The Castle Crags pluton intrudes mafic and ultramafic rocks of the Trinity ophiolite complex in the Klamath Mountains of northern California. Contacts between the three concentrically arranged rock types which compose this 30 km2 epizonal stock are gradational. The outermost unit is a fine-grained granodiorite which has a chilled intrusive contact against the adjacent country rocks. The bulk of the pluton is a porphyritic sodic granodiorite which is characterized by euhedral potassium feldspar megacrysts. The core is occupied by a fine-grained alkalic trondhjemite. The pluton is intruded by a genetically related series of hypabyssal dikes, a series of porphyritic trondhjemitic dikes, and a suite of remarkably fresh spessartite lamprophyre dikes. Smooth variation in modes, major and trace elements, specific gravity, and porosity occurs from the margin to the core of the pluton.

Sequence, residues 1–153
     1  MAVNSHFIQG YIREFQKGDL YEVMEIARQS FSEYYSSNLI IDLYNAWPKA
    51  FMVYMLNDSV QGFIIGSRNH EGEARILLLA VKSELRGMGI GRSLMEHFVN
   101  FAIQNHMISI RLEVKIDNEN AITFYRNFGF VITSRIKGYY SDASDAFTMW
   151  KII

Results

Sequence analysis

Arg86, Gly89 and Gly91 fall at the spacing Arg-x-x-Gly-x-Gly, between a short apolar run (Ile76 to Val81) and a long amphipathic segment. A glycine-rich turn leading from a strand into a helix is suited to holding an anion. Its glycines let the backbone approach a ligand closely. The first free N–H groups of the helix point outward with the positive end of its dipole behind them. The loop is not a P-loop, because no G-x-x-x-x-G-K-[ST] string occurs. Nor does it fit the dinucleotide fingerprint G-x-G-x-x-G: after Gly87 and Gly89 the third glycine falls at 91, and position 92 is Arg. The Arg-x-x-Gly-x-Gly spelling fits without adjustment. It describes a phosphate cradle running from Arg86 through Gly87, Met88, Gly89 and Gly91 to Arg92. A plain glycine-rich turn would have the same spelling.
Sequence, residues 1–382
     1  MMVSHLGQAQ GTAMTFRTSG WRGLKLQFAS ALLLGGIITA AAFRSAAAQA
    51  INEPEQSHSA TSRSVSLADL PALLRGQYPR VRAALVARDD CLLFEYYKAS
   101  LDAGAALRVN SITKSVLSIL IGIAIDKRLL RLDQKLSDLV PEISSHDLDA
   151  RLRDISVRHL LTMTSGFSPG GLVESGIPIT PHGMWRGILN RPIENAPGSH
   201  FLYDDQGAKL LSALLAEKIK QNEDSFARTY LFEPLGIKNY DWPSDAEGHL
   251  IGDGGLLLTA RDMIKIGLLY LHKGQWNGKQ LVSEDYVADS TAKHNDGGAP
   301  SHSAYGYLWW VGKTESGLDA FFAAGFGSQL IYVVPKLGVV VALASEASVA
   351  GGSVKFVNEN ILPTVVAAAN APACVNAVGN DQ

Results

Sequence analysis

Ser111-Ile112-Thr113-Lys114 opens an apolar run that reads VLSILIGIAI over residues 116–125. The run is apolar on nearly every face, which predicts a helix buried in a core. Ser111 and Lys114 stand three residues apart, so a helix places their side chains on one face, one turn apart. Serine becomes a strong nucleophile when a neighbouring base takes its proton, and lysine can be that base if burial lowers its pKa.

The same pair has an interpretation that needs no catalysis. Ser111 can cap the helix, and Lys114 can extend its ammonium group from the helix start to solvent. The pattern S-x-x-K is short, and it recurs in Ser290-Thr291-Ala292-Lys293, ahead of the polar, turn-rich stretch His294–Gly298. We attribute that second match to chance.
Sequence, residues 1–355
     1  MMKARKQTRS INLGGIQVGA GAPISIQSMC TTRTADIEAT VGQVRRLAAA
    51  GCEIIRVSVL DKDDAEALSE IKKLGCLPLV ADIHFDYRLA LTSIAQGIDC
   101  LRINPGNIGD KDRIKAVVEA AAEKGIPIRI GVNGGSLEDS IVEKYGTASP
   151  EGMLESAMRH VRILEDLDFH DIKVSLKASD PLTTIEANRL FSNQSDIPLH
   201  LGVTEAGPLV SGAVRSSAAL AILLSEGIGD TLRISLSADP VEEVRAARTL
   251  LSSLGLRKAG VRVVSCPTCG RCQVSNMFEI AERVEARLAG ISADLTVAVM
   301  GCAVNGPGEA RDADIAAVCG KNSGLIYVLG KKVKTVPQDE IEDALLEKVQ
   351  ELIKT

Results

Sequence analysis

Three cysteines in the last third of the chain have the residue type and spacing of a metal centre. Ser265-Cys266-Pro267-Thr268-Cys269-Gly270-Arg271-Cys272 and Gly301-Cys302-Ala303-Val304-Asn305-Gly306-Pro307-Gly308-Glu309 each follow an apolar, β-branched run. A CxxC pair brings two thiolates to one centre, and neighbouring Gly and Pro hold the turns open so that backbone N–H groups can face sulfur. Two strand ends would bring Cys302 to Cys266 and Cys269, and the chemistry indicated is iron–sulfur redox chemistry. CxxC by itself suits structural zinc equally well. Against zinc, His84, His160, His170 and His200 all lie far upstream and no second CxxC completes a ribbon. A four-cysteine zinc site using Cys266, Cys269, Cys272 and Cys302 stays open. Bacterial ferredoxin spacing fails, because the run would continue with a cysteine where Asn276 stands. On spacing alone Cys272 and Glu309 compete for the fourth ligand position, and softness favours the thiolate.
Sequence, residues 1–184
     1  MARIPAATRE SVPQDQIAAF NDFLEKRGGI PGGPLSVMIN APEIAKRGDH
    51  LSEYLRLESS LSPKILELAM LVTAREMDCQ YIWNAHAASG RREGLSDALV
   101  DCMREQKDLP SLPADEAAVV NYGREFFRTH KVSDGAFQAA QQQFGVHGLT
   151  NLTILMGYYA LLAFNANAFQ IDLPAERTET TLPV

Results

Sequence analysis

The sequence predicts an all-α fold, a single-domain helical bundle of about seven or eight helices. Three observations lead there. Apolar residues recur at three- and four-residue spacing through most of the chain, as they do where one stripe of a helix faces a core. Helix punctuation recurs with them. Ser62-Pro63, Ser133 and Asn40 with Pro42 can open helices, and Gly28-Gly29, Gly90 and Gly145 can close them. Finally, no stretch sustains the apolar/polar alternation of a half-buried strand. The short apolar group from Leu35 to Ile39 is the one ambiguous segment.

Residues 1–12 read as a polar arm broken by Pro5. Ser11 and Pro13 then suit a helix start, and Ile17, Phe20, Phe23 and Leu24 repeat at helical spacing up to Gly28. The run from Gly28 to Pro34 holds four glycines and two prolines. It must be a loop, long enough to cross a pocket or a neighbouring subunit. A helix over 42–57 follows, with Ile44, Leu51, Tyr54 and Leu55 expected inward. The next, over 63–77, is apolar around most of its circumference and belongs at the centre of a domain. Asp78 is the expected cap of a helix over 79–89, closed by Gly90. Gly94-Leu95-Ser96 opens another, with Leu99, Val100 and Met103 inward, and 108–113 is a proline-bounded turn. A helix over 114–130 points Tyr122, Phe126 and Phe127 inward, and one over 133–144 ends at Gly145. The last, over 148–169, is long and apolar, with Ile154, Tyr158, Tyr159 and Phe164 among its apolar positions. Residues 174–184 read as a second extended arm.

The Castle Crags pluton represents a single intrusion with an original composition approximating that of the chilled granodiorite. After it was chilled, the remaining magma crystallized inward from its margins. The concentric chemical variation resulted from fractional crystallization of the alkali-rich parent magma toward a residuum with mild peralkaline tendencies and was aided by inward transfer of alkalis through a volatile phase. Abundant miarolitic cavities in the inner half of the pluton indicate that second boiling occurred when the magma was approximately two-thirds crystallized. The fine-grained textures of the trondhjemite resulted from pressure quenching that accompanied escape of volatiles from the pluton.